South Park FAQ

New season of South Park starts tonight! Dave Thompson, the author of the South Park FAQ travels through the lives, times, and catastrophes that have established the tiny mountain town of South Park, Colorado, as America’s favorite dysfunctional community. There are few modern animated television shows that could survive over a decade and a half and remain as funny… or as stupid… or as sick… or as depraved… today as when they started. Read an an excerpt below!

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Increasingly, we live in a world where opinion is pinioned by the need not to offend, nor even risk offense, by saying—even lightheartedly— something that someone might feel belittled by. Including people who aren’t actually present when the remark is made.

The soccer manager who told his charges the old joke about a monkey and an astronaut, and was promptly accused of racism by somebody else entirely.

The teen playing a video game who made an off-the-cuff remark about shooting up a school and eating his victims’ hearts. A fellow player over- heard the exchange, and the kid was arrested and threatened with eight years in jail.

The … and so on and so forth. All it takes is one person who doesn’t understand, appreciate, or maybe even acknowledge the existence of humor (however humorless the humor might be), and it doesn’t matter if he is the only person in the world who doesn’t sneak a smirk at the gesture. One complaint is worth a thousand chuckles, and the only positive that comes out of the experience is the possibility that maybe one day, the rest of the world will tire of these petty-minded dictators and start complaining about them instead.

Which is why we love South Park so much.

For there, exaggerated political correctness and microscopically focused nitpickery are already like a red rag to a bull in the eyes of creators Trey Parker and Matt Stone.

Like Cheesy Poofs to a big-boned eighth grader.

Totalitarianism is totalitarianism, no matter how loudly you condemn the people who actually point that out, which is one of the reasons why South Park has never rested in its campaign to highlight humbuggery wherever it may dwell.

True political correctness means respecting other peoples’ right to say whatever they like, no matter how much it might offend you, because that is the only thing that guarantees your right to say whatever you want to. Chip away at other people’s right, no matter how worthy your intentions may be, simply opens the door for other, perhaps less worthy people to take the process to its logical conclusion and outlaw free speech altogether.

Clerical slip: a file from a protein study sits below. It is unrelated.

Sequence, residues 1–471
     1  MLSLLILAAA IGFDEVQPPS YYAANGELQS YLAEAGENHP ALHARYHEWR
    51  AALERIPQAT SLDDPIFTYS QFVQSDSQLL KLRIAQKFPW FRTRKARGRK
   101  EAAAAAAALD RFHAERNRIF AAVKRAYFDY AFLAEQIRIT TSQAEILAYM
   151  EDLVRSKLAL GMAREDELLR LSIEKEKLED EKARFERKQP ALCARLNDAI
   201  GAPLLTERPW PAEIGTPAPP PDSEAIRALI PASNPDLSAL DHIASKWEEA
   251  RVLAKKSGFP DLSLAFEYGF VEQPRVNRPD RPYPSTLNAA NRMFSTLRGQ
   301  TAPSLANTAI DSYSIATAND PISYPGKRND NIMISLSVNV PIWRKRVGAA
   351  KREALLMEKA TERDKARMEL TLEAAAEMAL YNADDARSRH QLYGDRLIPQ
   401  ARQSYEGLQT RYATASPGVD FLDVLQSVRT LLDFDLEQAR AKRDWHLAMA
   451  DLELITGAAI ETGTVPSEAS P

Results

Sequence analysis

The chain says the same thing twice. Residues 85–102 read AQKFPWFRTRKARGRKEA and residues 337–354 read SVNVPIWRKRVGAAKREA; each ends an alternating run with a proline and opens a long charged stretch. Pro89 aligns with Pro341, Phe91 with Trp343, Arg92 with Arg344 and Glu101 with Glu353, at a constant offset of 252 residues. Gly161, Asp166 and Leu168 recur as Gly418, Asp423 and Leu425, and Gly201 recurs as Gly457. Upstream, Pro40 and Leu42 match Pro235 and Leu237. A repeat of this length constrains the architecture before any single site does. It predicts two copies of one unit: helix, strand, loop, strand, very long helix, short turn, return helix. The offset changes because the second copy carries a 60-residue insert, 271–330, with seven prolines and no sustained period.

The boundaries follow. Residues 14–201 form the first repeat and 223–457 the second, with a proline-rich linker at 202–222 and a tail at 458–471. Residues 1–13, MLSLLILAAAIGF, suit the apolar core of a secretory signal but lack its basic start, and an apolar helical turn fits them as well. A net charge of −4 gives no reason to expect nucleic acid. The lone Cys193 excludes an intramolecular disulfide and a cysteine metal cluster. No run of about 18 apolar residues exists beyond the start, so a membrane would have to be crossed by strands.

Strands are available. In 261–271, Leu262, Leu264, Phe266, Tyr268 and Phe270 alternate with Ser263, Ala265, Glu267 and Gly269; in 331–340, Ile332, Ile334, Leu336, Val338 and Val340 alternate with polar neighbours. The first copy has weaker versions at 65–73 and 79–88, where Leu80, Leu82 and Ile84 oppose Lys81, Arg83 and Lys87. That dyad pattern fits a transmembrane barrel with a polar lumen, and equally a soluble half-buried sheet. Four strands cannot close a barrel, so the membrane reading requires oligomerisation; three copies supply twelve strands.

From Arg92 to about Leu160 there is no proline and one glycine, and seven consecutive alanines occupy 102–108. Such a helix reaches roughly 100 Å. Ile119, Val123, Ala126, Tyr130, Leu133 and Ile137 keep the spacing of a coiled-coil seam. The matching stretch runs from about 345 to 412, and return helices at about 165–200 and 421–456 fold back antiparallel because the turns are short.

Matt Stone outlined South Park’s approach.

“On one hand, it’s really fun when you flip off the principal and the principal yells at you. But in general, we do the show because we want people to like it. We are entertainers. We’re trying to entertain people. At the same time, we’ve been doing it long enough to realize we’re still not a mainstream show … we’re still on cable, we still consider ourselves an alternative show.” Far more people, he acknowledged, dislike South Park than enjoy it, but unlike most television shows, that was fine. “Twenty percent of people got this joke, and they love us for it, and we’ll piss off the other 80 percent just for them.”

The very best of South Park teases, as well. But it’s a knowing tease, a worthy tease, taunting the viewer with just enough information that you think you know where the story is going … but you cannot believe anybody has the balls to take it there. Again, a lot of the targets are as ephemeral as the headlines they are drawn from, but that is not an issue. The fact that … to draw a cultural irrelevance at random from the stockpile … Honey Boo Boo is even sufficiently well known to be considered a worthy target for the South Park sniper is itself sufficient condemnation of the culture that the show so gleefully ridicules, and of course she is not alone.

To concentrate on South Park’s status as the devourer of worthless worlds, however, is to overlook its other primary purpose, to act as a mirror to what we might call everyday society. South Park itself is Anytown USA, as accurate a reflection of small-town life as any live-action television series has ever mustered, and a lot more honest as well.

 

 

 

 

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About HLPAPG

Hal Leonard Performing Arts Publishing Group, the trade book division of Hal Leonard Corporations, publishes books on the performing arts under the imprints Hal Leonard Books, Backbeat Books, Amadeus Press, and Applause Theatre and Cinema Books.

Posted on September 24, 2014, in Film & TV and tagged , , , , . Bookmark the permalink. Leave a comment.

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